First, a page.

Updated: Sep 9, 2019
For those old enough to remember "Friends" this article is about this conversation:
Monica: You and I went to different High Schools.
Rachel: See now you're confusing me because we went to the same High School.
...and the issue with "Double Empathy" discussed by Audrey will be aired on 24Live and The Chrissy B Show (Sky191)
Monica goes on to explain that she went to a High School where she was fat and bullied, while Rachel was Prom Queen - the experiences were different, and therefore the insecurities, fears, critical voice one hears is as unique.
This is the "double empathy problem". While we can try and understand what someone is experiencing, unless we have been through similar - or sometimes it has to be even more exact - it is almost impossible to completely appreciate their point of view. This is especially troublesome when we are trying to help. For example, if we cannot see that the decision to be homeless is for someone infinitely better than the alternatives, how can we tell them "Just get help and go back home"? or "Make the choice to live"...perhaps homelessness was that choice!
It is of course essential for professionals to be aware of "Double Empathy", but personal relationships will benefit as much from being mindful of it.
As a coach one thing I asked at the start of my training was "Is it possible for me to coach someone where I have no experience of their profession?" My trainer replied "Yes - and sometimes it's easier". Of course a modicom of understanding...or at least the abilty to ask about it helps, but having less to relate to in my own experience can mean less transferrence when I am with clients. Firstly I am less likely to talk about myself if something they say triggers a self-reflection (Note, when it does I am always mindful I only give examples to illustrate something for them rather than go off on one!); and secondly, it is much easier to immediately validate their point of view because I simply have no other beliefs otherwise!
The importance of validation to relationships
Validation is central to rapport in any relationship - ESPECIALLY if you are going to challenge a clinically distorted point of view.
This is a little exercise I give my classes - let's imagine this puppy can talk, and he tells you "I'm so ugly"..what is your immediate response?
Many of us would reassure him by a cuddle and a "Oh, no, you're so gorgeous/cute/lovely [insert positive word here]".
Let's further imagine the puppy is not fishing for compliments (although the response of validation helps with that too!)...he truly believes it. Now it's possible he thinks you don't believe him, he's wrong, and his thoughts (as well as his looks) aren't worth much.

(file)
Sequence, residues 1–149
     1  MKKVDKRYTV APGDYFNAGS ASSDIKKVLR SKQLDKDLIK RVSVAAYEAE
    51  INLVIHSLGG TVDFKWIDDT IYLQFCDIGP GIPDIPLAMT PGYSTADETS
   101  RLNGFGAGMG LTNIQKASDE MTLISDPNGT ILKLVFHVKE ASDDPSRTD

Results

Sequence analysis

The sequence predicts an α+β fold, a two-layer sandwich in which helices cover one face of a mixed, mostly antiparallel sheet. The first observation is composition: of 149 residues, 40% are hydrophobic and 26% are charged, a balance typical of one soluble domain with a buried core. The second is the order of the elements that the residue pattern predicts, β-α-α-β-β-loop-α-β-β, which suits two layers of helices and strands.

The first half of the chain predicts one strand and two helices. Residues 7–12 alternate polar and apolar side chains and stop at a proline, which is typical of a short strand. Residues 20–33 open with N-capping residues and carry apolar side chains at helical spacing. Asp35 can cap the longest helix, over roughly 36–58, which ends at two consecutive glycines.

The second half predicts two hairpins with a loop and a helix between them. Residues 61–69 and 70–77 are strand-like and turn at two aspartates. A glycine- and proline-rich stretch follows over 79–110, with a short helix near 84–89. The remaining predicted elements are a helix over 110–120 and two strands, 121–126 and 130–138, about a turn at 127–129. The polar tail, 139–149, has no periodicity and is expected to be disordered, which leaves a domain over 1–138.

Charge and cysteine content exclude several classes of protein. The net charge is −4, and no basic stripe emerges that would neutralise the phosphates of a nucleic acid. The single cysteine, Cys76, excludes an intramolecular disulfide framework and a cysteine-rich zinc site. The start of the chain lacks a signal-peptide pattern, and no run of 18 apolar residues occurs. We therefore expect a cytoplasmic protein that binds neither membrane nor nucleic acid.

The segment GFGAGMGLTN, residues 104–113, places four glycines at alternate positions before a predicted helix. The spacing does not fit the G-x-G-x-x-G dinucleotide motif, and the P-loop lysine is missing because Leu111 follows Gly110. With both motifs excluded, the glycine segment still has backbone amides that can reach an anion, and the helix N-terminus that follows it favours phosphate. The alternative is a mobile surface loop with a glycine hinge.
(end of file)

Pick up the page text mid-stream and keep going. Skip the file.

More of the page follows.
As a friend, parent, and sometimes event a professional, we do not seek to hurt when we reassure - in fact it always comes from a place of love - we don't want you to think like that of yourself - especially when our eyes and hearts may tell us the complete opposite.
BUT - validate FIRST before you challenge (or offer your opinion!)
Listen to the thought, hear it, hold it, and then, if you wish to, offer your observation*.
*and I humbly suggest giving observation is more supportive than opinion!
Instead an easy "Oh I'm really sad you think that" first allows the speaker to feel heard. If you want to explore the thought then of course ask "What makes you say that"; or you might wish to offer your observation instead "I've always thought you were stunning"; or if you don't want to enter conversation (certainly as a friend or accquaintance you are not necessarily obliged to delve deeper), then leave it at the first response. (And if you suspect someone is fishing for compliments - validation is so much more powerful than taking the bait.)
The invisible ball
I use a drama game in my personal development sessions:
I throw an "Invisible ball" at delegates in a circle and I say what it is eg "It's a cat". The delegate who catches it either has to catch it as a "cat" or simply repeat "it's a cat" (I'm not testing role play skills!!) before they change it to their own idea. As a drama exercise it's about generating creativity and a sense of play where no idea is "wrong", but there is an even more powerful message underneath - you hear, acknowledge, and hold the other person's thought first before you change it to your own.
So often fear stops people expressing their ideas because they think they will be laughed at - this exercise can teach the importance of allowing everyone a voice; but also it explicitly teaches the value of listening, and implicitly allows every single person within the game to be heard.
I wanted to be pretty more than anything in the world
Like Barbie, or the models in the Frederick's catalogue
...in my dreams, I could have it all"
(Backwoods Barbie, Dolly Parton)
As a child (notably in my teens - when it mattered more to me) I was constantly told 'You're not pretty'...it was actually often followed by 'it's because you're Chinese'... so I decided to be smart - no one cares what you look like when you write...but the reality is, I care and have cared for over 40 years. This week I got my amazing headshot photographer to do a 'beauty shoot' with me, just to prove to myself (and have that image in my head) that I can look 'conventionally' glam if I'm willing to spend the time, money and effort.
Of course, I am very aware beauty is subjective and from within, and I am grateful to not be short of compliments - but, as I always say, you don't know until you know, and this was my way of facing a little inner voice - and silencing it!